Bank deposits are regarded by most people as mundane transactions, something not worth waiting in line for. Many customers see a deposit as an additional hassle in their busy lives. For a bank teller, bank deposits are among the most fundamental of banking transactions, and dealing with them is a skill that can be honed to perfection. However, processing a bank deposit is far more complicated than it seems.
The transaction begins with the next customer arriving at the teller window. In this instant, the success of the deposit relies solely on the customer's perception of the teller. Don't say "Good afternoon" in a monotone. Instead, attain direct eye contact, smile, and greet the customer. The greeting can be your own innovation. Any successful greeting is the product of emphasizing positive emotions, regardless of your current mood. If you openly show probable exhaustion and stress from standing up all day, customers will find your appearance distasteful. If the customers see you as a positive figure, they will want to continue with the transaction in a non-belligerent manner.
The next phase of the transaction consists of analyzing the deposit slip. This phase requires keen observational and memorization skills. The deposit number is fifteen digits long, including the zeros. The problem lies in the handwriting of the customer. A customer may be able to correctly write down the account number, but that skill is rendered useless if the bank teller cannot read the handwriting. If such a predicament should occur, politely ask the customer to recheck the account number. A customer will predictably recite the account number aloud for you. As the number is said aloud, discreetly analyze the p...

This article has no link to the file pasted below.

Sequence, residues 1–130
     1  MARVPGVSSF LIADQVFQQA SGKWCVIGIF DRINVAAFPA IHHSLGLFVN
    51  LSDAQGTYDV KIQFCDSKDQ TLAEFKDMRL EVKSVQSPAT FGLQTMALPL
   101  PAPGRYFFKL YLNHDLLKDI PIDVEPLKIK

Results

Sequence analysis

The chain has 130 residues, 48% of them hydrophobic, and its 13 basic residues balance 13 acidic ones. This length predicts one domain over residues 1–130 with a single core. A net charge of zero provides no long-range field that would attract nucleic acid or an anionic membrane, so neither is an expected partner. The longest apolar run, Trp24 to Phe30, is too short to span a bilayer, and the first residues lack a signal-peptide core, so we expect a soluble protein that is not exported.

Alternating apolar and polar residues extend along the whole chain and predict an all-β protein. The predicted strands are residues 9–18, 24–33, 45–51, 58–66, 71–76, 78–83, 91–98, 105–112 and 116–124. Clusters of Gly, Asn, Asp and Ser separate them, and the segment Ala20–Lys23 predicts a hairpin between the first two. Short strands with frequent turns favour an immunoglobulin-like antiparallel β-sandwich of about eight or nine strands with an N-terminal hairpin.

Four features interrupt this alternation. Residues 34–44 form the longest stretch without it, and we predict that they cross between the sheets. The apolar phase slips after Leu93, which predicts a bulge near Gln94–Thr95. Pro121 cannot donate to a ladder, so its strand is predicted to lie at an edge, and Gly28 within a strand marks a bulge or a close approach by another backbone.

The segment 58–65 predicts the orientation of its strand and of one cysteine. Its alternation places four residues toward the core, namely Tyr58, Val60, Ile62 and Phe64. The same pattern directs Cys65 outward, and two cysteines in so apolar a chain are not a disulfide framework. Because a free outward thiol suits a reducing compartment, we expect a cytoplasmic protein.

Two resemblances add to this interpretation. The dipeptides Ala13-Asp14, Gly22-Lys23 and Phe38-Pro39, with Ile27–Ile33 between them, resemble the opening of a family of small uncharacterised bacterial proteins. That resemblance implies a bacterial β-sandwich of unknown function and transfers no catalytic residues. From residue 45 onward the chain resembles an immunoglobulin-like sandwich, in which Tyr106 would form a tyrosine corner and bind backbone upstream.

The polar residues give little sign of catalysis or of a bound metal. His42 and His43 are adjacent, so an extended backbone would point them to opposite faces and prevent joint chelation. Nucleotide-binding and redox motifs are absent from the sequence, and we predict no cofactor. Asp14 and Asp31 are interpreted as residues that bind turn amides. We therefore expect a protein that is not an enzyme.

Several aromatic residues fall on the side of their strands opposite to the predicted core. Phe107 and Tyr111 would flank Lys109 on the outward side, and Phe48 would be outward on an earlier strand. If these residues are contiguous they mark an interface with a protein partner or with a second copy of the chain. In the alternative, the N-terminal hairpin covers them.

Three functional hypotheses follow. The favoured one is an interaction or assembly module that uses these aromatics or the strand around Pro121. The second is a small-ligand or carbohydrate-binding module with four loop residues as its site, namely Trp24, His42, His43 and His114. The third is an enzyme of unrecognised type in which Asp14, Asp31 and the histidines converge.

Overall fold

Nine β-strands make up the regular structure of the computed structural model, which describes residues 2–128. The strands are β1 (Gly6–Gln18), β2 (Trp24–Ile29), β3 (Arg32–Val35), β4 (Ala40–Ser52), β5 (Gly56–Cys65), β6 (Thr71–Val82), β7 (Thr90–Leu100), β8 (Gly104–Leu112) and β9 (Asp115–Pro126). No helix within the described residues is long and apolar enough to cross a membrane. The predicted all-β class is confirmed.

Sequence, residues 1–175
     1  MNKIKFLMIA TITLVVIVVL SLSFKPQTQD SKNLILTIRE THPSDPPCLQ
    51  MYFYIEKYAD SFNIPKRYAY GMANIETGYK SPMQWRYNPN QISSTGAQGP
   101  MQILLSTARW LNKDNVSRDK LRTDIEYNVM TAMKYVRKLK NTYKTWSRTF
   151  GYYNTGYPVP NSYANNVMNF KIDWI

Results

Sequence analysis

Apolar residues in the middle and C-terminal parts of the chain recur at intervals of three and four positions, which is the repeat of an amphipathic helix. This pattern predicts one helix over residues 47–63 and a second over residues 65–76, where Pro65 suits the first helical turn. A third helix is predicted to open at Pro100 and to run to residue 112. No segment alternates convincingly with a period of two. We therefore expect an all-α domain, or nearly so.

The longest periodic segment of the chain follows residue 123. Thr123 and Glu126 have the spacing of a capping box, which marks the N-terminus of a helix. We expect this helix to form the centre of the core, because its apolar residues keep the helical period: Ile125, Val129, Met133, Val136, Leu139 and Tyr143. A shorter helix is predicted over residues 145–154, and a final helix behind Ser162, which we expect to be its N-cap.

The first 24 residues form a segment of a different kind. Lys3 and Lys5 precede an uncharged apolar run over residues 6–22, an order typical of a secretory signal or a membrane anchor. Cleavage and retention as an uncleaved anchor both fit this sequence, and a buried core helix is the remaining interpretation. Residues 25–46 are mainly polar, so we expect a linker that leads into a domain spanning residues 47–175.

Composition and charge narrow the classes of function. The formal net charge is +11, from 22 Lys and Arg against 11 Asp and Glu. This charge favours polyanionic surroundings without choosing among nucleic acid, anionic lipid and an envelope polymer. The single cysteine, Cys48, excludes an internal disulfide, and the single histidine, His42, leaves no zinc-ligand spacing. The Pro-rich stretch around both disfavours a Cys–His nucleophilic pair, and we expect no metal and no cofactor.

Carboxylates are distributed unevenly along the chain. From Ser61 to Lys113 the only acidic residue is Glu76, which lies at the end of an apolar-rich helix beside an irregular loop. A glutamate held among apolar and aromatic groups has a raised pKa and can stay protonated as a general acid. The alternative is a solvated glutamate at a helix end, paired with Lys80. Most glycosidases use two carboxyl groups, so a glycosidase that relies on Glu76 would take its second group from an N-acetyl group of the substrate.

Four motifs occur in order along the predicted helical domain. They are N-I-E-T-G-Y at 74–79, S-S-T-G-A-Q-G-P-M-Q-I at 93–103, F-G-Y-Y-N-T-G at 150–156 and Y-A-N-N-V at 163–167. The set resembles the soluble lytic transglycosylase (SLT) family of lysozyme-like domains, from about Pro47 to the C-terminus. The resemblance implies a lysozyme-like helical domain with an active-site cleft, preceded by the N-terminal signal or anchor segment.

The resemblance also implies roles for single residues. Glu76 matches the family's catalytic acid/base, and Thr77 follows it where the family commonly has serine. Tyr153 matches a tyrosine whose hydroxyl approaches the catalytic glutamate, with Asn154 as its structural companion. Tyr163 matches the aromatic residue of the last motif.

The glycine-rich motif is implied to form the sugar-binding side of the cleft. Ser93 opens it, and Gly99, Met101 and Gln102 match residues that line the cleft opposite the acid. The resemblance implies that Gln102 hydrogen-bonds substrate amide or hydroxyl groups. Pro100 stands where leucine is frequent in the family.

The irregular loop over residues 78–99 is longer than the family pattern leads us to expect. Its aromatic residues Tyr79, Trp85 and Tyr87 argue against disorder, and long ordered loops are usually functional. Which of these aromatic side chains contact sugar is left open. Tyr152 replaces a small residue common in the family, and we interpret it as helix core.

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...ve a decent farewell. If it time is in the morning, say, "Have a great day!" If it is in the afternoon, say, "Have a good night!" Or, if it is Friday, say, "Have a great weekend!" This rule also applies to all day preceding or during holidays.
And finally, the transaction is done. The customer is gone; you have completed a deposit transaction. But you don't have time to bask in the great feeling of accomplishment. For the line of customers is still reaching toward the door of the bank, and there is still more time before your five o' clock relief will come. Look not at the time at the bottom corner of your computer screen, but at the line of customers impatiently waiting for you to call them to your window. So, swallow your satisfaction for a transaction well done; another transaction is about to happen. Thus the complicated procedure of deposits begins anew.
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